Tom also tells us (among many other pearls of wisdom –often presented in bright colours and outlandish typefaces) that:

  • Leaders love “mess”!
  • Leaders understand that “it all depends”!
  • Leaders “do” (and “re-do” – because they make “mistakes” – OMG)!
  • Leaders create blame-free cultures – and engender trust!
  • Leaders accept responsibility!
  • Leaders break down barriers!
  • Leaders connect!
  • Leaders nurture (and build up) other leaders!
  • Leaders are great learners – who give credit!
  • Leaders know themselves!
  • Leaders do stuff that matters!

Come on! Who is gonna disagree with that? Isn’t this what all educators want from their learners, their leaders – and themselves? This Tom bloke might be onto something, after alllet’s elect all these leaders to run our countries. Hell – let’s hire all of them to run our schools and universities, right now!

Peters believes all this (and boy, does he believe it – with a passion) because we have to accept that the world is today a very different placeor that the world of business today is very different to that of “yesterday”.

Hmmmm – could that be true of education, acaba?


So, anyway…he tells us, we need very “different” leaders – from those we had “yesterday“:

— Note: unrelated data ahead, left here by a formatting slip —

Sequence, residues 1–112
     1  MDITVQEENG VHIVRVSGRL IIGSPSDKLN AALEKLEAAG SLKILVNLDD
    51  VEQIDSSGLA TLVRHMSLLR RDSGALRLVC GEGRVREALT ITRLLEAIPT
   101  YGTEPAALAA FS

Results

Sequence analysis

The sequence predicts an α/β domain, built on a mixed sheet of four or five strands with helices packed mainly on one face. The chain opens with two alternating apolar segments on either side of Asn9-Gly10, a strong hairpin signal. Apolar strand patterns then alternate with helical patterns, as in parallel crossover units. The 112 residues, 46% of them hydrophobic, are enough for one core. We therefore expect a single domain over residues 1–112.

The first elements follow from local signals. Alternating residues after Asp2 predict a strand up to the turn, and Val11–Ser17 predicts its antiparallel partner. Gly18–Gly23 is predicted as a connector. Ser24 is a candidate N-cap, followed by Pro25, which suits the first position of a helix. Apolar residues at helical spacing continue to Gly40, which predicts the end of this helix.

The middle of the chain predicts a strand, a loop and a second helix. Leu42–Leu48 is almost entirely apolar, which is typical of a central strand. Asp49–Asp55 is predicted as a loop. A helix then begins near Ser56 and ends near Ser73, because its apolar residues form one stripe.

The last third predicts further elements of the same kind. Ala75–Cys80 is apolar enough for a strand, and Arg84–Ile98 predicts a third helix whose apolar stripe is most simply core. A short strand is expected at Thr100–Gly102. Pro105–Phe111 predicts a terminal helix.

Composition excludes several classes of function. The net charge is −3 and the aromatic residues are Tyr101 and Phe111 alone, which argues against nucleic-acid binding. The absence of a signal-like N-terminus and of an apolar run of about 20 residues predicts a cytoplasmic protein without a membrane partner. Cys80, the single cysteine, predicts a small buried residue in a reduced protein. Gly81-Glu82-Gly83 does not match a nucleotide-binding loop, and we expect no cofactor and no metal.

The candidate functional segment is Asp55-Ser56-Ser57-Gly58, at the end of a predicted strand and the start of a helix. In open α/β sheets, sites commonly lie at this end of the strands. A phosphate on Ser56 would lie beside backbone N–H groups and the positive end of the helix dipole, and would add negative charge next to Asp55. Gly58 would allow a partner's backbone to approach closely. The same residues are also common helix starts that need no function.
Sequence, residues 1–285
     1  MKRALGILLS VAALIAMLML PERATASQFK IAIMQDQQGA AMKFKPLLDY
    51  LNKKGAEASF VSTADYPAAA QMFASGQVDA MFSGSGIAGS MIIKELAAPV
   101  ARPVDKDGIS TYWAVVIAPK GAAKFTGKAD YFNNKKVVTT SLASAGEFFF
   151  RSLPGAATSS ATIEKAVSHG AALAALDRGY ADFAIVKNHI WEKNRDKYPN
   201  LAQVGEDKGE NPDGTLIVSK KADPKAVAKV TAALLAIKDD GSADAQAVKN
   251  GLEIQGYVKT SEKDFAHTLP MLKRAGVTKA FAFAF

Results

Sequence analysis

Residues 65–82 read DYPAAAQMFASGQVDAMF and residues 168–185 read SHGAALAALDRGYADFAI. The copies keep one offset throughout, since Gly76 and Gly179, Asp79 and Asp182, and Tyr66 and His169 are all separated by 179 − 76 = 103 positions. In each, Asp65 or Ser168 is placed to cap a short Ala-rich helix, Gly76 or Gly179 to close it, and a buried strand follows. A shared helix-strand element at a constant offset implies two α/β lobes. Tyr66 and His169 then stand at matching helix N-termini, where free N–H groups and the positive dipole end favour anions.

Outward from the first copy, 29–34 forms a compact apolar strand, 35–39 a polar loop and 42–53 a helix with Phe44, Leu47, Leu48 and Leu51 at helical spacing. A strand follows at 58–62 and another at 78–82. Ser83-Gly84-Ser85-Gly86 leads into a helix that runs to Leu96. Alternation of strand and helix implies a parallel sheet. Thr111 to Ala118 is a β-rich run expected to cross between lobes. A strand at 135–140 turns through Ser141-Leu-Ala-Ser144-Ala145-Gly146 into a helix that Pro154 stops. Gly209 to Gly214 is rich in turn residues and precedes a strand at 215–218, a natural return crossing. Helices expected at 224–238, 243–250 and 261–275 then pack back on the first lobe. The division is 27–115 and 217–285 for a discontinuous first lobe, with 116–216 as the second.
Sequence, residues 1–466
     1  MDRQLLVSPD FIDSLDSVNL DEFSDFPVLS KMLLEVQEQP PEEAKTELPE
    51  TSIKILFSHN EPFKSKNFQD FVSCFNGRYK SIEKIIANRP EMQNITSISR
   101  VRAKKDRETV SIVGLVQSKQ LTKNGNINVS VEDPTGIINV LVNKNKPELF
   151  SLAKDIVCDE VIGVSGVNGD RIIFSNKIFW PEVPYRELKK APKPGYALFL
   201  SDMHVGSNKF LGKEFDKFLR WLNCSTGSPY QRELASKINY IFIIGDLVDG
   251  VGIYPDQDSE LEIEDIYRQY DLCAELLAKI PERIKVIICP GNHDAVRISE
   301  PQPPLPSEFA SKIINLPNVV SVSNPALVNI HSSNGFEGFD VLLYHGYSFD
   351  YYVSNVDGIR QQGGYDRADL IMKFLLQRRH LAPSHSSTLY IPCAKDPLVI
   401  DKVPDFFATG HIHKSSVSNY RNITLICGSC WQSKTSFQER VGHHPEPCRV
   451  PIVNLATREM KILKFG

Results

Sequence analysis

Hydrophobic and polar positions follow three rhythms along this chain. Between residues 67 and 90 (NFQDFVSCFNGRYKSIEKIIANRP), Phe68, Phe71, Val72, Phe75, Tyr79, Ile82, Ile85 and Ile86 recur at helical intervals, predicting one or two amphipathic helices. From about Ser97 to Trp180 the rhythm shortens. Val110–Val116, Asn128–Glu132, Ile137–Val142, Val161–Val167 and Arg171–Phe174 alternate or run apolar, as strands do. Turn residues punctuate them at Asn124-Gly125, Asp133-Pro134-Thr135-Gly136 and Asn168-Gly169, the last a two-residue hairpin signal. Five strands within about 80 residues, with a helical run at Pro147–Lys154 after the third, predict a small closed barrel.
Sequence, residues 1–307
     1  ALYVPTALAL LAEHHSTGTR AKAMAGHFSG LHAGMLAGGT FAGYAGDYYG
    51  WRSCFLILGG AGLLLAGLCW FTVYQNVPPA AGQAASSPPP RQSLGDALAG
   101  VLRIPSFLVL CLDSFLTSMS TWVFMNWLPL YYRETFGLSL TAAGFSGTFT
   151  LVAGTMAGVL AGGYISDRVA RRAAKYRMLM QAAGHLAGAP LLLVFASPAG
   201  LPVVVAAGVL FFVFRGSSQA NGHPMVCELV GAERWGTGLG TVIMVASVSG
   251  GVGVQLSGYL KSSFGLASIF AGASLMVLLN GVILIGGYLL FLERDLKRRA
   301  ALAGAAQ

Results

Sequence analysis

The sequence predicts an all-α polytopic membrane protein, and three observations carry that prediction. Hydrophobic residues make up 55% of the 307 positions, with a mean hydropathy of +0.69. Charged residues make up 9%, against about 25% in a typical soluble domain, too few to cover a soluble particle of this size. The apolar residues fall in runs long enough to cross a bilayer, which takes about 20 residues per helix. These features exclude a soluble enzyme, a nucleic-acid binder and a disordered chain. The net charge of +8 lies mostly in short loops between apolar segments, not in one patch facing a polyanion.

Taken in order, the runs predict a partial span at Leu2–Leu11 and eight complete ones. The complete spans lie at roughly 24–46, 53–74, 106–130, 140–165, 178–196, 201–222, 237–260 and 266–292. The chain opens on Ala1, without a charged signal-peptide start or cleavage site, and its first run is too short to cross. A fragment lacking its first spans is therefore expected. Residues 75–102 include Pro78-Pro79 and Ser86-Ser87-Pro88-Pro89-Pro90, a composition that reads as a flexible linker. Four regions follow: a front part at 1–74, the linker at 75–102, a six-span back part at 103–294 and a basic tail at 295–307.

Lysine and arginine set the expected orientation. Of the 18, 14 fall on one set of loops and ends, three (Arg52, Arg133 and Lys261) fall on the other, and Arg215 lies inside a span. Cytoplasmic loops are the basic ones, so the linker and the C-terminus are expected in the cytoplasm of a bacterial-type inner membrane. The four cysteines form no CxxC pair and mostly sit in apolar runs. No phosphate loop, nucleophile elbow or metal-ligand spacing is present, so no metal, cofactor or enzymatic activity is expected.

Personally, one of the things I really like is the way Tom tries to help us understand the need to tear down a lot of the myths that hold us back:

  • Leaders are not the best performers!
  • Leaders say “I don’t know”!
  • Leaders put people first – really, really, really!

This last one is the crown jewel for many educators – and demonstrates that leadership is really about people (not just “lip-service” about people). Peters focuses a great deal of his attention on the idea of leaders as “talent developers” (the “people stuff”):

Now, tell me…if Peters not describing the “ideal boss” here – or even, the ideal colleague?

OK – enough of my hero-worship!


What Peters says has a great deal of relevance for education, for teachers, for learnersand educational leadership. Indeed, what he is talking about gives us a pretty good “model” for what leaders need to know (dare, I say it – “be”) and what they need to do.